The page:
The mental health crisis is an extensive and prevalent situation for all, however, with the rise of social media, and the more recent effects that the COVID pandemic and lockdown brought us, children’s mental health has taken a steep decline. Nevertheless, there are many people that strive to combat this, and seek to improve and impact young people’s lives for the better.

For many, performing is a way to “escape” the stress or worry that circulates their day-to-day lives, and children often find that theatre and performing arts groups give them a space to be themselves and fully embrace and explore who they are in a safe and supportive environment. Furthermore, when asked how performing has helped him with his confidence, one student said that it gave him a space where he could be accepted for who he was without judgement or criticism, whilst growing his confidence and talents. Moreover, there is overwhelming evidence that children who sing, act or dance are four times more likely to be recognised for academic achievement than their non- performing friends.

I spoke to Ella Shaw, Semi-finalist of Britain’s Got Talent in 2015, who now works with over 200 children a week across private singing lessons and group classes to discuss the issues surrounding children’s mental health and how the arts can combat it. When asked how theatre has helped her personally, she replied, “I was able to escape my reality at the time. The arts helped me express and love myself”. As a child, Ella had alopecia, a loss of hair usually caused by the immune system destroying hair follicles. She explained that performing gave her the confidence she needed to make a career for herself in the arts. She also picked up on the fact that “luckily, social media wasn’t a thing back then”, recognising the problems that children face now with pressure from peers and others on the internet. Today, there are many issues young people face, and many say that performing has significant benefits on specific heath conditions; both mental and physical, and can transform people’s health and wellbeing, leading them to live happier, healthier lives. Ella’s view is that “if I have helped one young person grow in confidence, that is success for me”.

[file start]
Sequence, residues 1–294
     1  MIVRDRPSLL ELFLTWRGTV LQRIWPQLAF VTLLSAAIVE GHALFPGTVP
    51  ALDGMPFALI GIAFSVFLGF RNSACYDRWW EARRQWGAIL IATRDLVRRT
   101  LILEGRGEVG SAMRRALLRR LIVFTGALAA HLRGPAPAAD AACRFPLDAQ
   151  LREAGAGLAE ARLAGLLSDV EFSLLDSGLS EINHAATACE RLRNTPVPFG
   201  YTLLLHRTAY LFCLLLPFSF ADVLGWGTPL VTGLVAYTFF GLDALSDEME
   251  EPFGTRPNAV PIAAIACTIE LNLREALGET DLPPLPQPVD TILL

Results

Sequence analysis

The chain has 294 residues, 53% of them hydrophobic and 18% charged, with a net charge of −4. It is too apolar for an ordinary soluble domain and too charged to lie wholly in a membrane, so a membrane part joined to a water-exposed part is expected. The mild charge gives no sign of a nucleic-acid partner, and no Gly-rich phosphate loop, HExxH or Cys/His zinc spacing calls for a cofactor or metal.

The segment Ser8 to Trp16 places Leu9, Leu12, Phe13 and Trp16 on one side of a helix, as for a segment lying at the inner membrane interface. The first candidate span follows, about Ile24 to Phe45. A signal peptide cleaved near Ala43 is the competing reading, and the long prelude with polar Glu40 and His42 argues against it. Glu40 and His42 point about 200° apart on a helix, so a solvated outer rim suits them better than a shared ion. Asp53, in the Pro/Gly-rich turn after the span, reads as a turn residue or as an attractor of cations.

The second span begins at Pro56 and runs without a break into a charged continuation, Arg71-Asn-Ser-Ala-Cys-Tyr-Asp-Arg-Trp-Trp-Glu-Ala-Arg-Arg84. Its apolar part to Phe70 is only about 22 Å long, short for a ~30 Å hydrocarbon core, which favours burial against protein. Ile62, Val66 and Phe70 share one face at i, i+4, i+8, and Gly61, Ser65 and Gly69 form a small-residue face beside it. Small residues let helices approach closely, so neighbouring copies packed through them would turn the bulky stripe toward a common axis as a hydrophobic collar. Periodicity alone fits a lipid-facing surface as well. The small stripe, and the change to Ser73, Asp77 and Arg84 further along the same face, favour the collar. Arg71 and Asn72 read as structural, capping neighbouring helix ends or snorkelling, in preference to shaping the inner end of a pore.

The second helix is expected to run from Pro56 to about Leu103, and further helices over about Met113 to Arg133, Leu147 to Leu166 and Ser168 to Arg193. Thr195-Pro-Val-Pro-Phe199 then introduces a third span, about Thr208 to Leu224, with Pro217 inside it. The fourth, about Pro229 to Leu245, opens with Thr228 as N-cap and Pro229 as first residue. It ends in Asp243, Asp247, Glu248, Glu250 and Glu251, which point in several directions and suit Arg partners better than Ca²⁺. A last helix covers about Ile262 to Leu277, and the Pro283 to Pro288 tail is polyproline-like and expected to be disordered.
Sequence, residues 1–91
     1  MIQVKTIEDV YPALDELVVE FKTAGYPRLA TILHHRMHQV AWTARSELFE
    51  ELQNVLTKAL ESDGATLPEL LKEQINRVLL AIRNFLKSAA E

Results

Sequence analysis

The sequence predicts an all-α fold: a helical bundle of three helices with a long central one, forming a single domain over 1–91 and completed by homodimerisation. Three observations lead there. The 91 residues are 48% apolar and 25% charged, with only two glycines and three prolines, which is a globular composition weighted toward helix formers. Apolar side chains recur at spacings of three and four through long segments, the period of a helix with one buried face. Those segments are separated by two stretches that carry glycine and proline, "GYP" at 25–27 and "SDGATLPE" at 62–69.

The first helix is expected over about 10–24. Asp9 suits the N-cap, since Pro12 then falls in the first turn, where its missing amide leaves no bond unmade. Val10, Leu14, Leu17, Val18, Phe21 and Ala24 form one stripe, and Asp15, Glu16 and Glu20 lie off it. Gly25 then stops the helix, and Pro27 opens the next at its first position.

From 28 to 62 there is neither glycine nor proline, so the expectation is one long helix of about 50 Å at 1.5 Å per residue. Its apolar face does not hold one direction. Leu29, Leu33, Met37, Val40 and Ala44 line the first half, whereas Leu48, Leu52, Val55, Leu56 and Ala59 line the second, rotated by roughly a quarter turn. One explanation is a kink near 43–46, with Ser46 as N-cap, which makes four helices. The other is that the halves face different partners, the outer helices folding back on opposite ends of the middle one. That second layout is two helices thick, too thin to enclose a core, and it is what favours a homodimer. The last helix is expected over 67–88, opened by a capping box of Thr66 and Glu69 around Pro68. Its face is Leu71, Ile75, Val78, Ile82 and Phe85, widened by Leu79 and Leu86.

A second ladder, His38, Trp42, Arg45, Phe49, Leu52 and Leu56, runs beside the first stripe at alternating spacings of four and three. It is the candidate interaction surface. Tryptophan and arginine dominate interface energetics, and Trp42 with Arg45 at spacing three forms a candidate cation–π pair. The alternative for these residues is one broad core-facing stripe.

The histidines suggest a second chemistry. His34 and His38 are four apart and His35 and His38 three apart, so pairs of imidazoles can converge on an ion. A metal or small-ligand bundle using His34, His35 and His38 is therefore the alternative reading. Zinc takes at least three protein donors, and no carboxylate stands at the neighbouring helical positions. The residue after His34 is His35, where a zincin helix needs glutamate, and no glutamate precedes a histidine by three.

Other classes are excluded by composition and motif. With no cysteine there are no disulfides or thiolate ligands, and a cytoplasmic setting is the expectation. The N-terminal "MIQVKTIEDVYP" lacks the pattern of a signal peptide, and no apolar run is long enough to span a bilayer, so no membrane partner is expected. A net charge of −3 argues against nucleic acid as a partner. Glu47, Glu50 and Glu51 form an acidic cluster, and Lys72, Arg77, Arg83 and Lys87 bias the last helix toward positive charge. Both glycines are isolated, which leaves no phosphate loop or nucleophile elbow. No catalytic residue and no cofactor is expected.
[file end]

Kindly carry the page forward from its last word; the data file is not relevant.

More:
Overall, I believe that giving children a safe haven or encouraging environment that performing arts often gives to children is a small, but significant way to combat the struggles teens and youth are experiencing in their day to day lives.